Motswaledi who is also a chorister and educator, also told this publication that in the period preceding his death, Gomolemo had done something he had never done before in his political life. “I said at the funeral that he invited all the relatives to the launch of his candidature in Gaborone Central. He requested that I mobilise all the relatives. This was the first time that he had wanted his close relatives involved in his political expeditions because normally he kept them at bay from such.”


He continued to state that in retrospect his elder brother might have had witnessed a grand familial gathering in his sub-consciousness which he might have not wholly discerned. “In the spirit, he must have noticed relatives and friends converging at the launch of his candidacy, but he didn't know that it was a spiritual launch into heaven.” He also shed light for the first time why he turned down contesting with the UDC ticket in Gaborone Central noting that he wanted to independently make his own mark and realise his own individual potential, without a slight assistance from his sibling.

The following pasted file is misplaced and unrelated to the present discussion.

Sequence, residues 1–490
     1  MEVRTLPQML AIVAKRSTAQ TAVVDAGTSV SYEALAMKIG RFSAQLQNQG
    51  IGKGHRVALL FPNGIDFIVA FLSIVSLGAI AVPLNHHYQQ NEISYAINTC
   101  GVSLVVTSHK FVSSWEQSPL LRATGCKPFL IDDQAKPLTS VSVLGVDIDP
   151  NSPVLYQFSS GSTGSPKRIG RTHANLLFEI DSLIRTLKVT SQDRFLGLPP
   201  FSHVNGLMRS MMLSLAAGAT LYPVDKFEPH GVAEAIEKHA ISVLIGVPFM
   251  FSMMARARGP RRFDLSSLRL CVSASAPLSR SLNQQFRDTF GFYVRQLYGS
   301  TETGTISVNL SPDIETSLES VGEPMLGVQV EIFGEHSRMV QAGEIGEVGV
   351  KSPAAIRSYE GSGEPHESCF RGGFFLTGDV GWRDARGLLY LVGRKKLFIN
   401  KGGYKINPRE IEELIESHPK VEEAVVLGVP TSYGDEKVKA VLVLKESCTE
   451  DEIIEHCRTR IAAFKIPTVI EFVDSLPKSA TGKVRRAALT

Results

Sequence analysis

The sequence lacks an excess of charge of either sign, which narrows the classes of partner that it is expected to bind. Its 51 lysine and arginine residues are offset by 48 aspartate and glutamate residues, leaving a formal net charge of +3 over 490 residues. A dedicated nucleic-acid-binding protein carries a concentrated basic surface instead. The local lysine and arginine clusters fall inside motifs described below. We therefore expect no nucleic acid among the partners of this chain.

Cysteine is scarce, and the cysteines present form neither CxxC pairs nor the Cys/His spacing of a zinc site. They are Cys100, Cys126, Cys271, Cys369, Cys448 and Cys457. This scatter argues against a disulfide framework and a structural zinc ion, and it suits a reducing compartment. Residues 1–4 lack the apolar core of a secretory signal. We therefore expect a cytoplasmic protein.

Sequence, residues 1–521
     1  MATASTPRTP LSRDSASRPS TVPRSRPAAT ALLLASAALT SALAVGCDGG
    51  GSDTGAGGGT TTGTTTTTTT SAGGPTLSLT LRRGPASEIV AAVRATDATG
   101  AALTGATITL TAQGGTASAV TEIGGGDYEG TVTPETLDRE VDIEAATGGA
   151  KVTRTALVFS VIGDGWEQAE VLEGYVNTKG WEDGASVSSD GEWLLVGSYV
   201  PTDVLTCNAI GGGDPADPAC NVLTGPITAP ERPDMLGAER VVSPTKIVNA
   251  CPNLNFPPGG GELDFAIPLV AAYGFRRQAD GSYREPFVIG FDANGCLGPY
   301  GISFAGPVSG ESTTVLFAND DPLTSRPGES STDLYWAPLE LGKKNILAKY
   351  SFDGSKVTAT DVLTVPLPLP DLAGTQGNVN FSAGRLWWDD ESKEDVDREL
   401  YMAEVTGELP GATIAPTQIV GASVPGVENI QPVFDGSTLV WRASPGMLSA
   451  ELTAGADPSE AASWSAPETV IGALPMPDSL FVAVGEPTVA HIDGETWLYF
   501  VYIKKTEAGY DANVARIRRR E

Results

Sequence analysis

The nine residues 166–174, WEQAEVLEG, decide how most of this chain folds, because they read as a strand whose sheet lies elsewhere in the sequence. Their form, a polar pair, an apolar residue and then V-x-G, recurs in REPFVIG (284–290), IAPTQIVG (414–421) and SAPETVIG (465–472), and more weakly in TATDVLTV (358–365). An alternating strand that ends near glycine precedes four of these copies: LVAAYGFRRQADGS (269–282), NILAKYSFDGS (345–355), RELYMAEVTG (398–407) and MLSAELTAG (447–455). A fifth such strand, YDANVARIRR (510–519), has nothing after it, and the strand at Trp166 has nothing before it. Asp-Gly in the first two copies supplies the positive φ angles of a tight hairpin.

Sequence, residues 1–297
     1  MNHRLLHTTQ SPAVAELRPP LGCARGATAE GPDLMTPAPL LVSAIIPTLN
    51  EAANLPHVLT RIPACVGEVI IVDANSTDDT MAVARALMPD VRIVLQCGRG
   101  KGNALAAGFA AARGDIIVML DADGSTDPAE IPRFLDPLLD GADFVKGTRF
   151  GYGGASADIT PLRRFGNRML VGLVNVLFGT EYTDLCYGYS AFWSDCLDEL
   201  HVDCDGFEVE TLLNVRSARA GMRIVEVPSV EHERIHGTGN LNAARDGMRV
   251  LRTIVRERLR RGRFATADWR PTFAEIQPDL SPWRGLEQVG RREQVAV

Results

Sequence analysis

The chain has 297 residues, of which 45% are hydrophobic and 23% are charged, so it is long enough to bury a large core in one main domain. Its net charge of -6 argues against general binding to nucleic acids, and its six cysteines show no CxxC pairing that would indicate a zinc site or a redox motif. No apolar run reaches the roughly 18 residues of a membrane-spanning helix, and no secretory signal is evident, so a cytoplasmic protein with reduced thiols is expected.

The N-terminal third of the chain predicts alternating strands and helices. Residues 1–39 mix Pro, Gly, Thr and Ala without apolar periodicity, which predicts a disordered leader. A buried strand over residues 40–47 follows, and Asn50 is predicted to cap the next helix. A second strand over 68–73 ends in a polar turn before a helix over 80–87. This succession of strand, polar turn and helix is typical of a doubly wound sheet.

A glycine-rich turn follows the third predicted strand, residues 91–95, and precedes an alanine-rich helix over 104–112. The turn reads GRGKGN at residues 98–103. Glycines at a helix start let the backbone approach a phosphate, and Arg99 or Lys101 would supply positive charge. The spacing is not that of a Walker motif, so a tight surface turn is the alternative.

“I resisted inheriting anything from him for so long. I resisted at KTM (Choir) which he had founded and where I was based for some time, before I proceeded to join BTU (Botswana Teachers Union) choir because I was also into trade unionism.”
He also said that besides seeking to chart his own paths, he nevertheless had to acquaint himself with the especially broken political terrain of 2014 before making his leap. “I couldn't just step in because of him. I had to ask myself, do I know the needs of residents of that constituency?”


But above all, Motswaledi said that Gomolemo had already groomed Young Turks who were at the time equally refined to take up the assignment. He further noted that had he been one of them, he would have been happy to step up to the test. “He was a destiny bearer, but he didn't finish his mandate. He had to hand over the baton but it was only appropriate to do that to his mentees. If I was one of them, I would have accepted. Stepping up to the political challenge is not just assuming a position of power, there is much more to it,” he explained.